We had a great time but as a non organ geek, I found myself noticing other church things: how off putting it is that one bathroom had a plethora of signs about what not to flush and instructions for the preschool classes on handwashing; the cool folders the Episcopal Diocese of Massachusetts gives to parishes for their newcomer packets; the subltle ways in which churches communicate that they are lively communities or preservation societies. As our congregation struggles with making our 1938 building accessible to all people, I was feeling grateful that we at least have bathrooms on both levels of the church building, unlike some of these lovely older churches which have no bathrooms at all or whose gracious hosts direct you to the building next door down a flight of stairs. It was very very hot in MA and I faithfully drank water and in consequence could probably conduct the Church Ladies' Room Historical Society tour of Southern Massachusetts so I had plenty of opportunities for such reflections. .

We visited Christ Church, Swansea (Geo. S. Hutchings & Co. Opus 515), a lovely little church Henry Vaughan building like a little English church with an absolutely spectacular monument to the benefactors of the church in the lovely green cemetery. Also in Swansea was First Congregational Church, (E. & G.G. Hook Opus 460) which has a fascinating old fashioned chandelier.

Lunch was provided by Good Shepherd (RC) Parish in Fall River, speedy and courteous service. Someone claimed that now Indian casino gambling has caused bingo to cease to be a source of revenue for churches which instead are doing more and more catering for crowds. We visited First Congregational Church (Ernest M. Skinner Co., Opus 191) which has absolutely fascinating abstract Tiffany windows in the East end. You can see a picture of them here. We had dinner in a church that has ceased to be a church at all and is now the International Culinary Institute of Fall River, quite a spectacular Victorian Early English Gothic structure of red brick and stone (or concrete) almost as flamboyant as those English Victorian churches on which it is modeled, sometimes referred to as "blood and bandages". The organ survived but no attempt was made to play it. When it was Central Presbyterian Church, it was Lizzie Borden's church but this played no part in its decline, apparently. Or in her behavior, for that matter. Then on Thursday evening we went to St Anne's Roman Catholic Church which has statues in its clerestory arches, intended to make you feel surrounded by the Communion of Saints. They have a Cassavant. We had a concert of organ music and choral music. Luckily I am not a music critic.

Sunday, July 24, 2005

Parables of daily life

The empire of God is like the surprise lilies which come up as if from nowhere in the midst of summer when nothing much else is in flower.

The empire of God is like a church at 10 a.m. on a summer Sunday when only a few people are in church and by the peace the place is full of people of all ages and energy and spirit.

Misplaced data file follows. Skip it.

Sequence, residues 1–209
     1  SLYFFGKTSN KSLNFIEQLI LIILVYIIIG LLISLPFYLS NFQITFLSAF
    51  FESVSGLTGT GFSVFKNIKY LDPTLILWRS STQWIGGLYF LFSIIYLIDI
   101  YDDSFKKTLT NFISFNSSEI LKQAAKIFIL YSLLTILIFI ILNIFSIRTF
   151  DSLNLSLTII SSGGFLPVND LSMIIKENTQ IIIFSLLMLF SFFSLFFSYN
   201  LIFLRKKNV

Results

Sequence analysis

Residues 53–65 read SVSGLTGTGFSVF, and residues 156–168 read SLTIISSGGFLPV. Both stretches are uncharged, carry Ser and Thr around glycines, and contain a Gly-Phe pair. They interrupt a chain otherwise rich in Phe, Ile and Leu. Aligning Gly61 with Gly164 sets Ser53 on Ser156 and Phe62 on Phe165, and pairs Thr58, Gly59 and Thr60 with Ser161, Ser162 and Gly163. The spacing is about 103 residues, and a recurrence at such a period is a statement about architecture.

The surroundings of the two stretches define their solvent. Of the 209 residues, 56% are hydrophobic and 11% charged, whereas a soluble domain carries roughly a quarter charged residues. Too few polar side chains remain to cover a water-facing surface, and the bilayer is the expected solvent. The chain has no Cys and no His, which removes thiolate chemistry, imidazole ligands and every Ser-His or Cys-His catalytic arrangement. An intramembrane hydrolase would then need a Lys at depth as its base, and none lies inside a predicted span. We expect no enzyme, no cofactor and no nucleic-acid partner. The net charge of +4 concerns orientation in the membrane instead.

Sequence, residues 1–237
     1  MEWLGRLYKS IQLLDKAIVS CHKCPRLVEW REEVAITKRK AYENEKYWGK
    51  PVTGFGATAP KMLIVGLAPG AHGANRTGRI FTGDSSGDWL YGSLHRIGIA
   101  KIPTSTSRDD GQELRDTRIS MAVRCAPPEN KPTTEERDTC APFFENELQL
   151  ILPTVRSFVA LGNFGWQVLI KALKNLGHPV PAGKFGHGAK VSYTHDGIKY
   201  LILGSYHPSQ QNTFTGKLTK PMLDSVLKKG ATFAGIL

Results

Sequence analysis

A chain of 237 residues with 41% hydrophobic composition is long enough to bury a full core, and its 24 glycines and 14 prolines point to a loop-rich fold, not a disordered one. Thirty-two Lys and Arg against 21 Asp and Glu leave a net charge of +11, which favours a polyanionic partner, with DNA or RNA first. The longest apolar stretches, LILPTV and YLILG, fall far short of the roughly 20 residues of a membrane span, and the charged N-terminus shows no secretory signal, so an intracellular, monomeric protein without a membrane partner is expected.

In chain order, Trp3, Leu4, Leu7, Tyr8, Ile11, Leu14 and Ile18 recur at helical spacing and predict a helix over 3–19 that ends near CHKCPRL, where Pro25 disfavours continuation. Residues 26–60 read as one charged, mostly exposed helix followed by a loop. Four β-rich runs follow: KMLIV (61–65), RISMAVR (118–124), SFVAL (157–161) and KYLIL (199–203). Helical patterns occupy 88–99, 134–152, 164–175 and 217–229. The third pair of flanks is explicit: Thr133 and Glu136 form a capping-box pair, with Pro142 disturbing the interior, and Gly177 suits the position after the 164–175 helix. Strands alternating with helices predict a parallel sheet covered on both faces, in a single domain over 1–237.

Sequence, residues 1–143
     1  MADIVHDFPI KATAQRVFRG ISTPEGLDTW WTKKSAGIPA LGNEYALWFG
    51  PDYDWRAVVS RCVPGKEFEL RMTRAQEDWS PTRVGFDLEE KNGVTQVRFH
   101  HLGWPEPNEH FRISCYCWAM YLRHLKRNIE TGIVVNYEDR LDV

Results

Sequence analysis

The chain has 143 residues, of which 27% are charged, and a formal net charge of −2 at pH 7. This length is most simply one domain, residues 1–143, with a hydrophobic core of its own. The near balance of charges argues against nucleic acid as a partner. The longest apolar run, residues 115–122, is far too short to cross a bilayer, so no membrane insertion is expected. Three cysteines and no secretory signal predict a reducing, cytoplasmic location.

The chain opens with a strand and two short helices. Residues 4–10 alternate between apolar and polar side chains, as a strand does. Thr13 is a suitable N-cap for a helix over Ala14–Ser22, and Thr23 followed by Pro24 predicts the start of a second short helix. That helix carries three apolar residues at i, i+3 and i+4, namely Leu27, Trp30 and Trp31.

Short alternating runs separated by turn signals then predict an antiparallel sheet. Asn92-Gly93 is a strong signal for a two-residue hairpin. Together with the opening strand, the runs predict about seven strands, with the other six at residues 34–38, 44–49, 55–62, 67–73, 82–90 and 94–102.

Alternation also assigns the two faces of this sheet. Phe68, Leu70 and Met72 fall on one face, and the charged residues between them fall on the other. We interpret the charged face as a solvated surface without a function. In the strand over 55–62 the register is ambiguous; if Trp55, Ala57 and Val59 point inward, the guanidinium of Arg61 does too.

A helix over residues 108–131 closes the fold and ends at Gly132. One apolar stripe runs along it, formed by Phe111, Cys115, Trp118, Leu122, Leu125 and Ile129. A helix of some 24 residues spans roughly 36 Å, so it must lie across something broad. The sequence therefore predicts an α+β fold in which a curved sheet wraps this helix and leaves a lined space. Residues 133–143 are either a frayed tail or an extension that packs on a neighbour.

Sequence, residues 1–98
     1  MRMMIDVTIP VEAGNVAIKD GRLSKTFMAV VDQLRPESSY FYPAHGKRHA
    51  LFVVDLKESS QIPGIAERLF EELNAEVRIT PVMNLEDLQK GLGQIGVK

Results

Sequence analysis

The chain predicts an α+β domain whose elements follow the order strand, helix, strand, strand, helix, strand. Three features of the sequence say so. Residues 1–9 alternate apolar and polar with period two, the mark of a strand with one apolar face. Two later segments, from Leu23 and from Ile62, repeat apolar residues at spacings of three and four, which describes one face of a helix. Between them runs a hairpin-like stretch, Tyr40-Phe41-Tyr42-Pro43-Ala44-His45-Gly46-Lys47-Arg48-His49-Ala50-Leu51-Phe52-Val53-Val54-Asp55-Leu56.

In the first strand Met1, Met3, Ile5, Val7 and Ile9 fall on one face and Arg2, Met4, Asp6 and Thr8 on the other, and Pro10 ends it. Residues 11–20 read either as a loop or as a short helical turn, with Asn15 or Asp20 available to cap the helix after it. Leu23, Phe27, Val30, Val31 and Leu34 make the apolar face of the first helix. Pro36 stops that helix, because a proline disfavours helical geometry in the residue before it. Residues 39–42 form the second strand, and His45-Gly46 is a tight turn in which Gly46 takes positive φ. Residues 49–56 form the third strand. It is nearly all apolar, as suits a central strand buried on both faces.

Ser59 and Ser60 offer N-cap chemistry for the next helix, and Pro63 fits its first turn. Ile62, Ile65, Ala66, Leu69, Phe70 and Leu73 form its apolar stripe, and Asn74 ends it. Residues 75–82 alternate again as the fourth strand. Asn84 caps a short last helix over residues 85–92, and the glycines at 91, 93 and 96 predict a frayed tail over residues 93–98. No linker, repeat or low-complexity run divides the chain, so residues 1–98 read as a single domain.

Sunday, July 10, 2005

More views of Saint Mark's Baby Boom

On July 10, we baptized baby Mackenzie Faye, just a week short of her birthday. It was a joyful occasion, as all baptisms are. Here she is with her mom, admiring her cake and here she is at the font with me, testing the water before she gets any more of it on her head. Carter, the ten year old theologian in training who is my trusty acolyte for baptisms, when I need someone to hold things for me so my hands are free for water and oil and holding the baby, is also in the picture, making sure he misses no interesting details. There is a lot to like about the Episcopal baptismal rite especially the words of the baptismal covenant more and more shape our understanding of what it means to live as Christian people and this great prayer we pray after the baptism:

Heavenly Father, we thank you that by water and the Holy
Spirit you have bestowed upon these your servants the
forgiveness of sin, and have raised them to the new life of
grace. Sustain them, O Lord, in your Holy Spirit. Give them
an inquiring and discerning heart, the courage to will and to
persevere, a spirit to know and to love you, and the gift of joy
and wonder in all your works. Amen.

Friday, July 08, 2005

Techie Triumph

I haven't done anything this difficult and ultimately pointless since I sat in the Bodleian Library for about a week with Polish grammar books and dictionaries to try to learn enough Polish to read a book for my thesis. I have spent way too much time looking at the Blogger help pages, resizing my pictures (actually, had used Photobucket to post them originally which I think was my main problem) and scrutinizing html in order to figure out what tag I had lost. In case you wondered, "How can I get my Profile and links back where they belong?" is apparently not a FAQ. I compared my blog with another one based on the same template. And then I just experimented until by dumb luck I got my profile, etc. back where they belong. Of course in the process I have doubtless introduced tons of useless code (at one point, for example, I had the Blogring box in two places only one of which displayed on screen) AND it still is not perfect. Too little space between blog and sidebar content, colors chosen to echo those of St Mark's are not quite right and I haven't even checked to see if they work on anything except IE. I have learned a lot but it is about hubris not CSS and HTML.

Thursday, July 07, 2005

Only a wannabe techie

I am having a hard time with getting my profile and my links to stay up at the TOP of my blog instead of at the bottom. In the process of trying to fix this, changed templates which meant all my links went away. They'll be back soon. I know how to fix that and saved my old template edits so it should be fairly easy. I am also tinkering with colors. But I am thinking that some of my photos are just way too big, so I am working on changing them. (I put them in using the blog posting function of photobucket and am replacing them using Blogger's own uploading software.) Anyway, if anyone reads this and knows a brilliant and easy way to change the situation, please let me know. I fixed it on my old template but at the price of having my blog way over to the left side of the screen which I didn't like.
So, consider my template under construction and bear with me.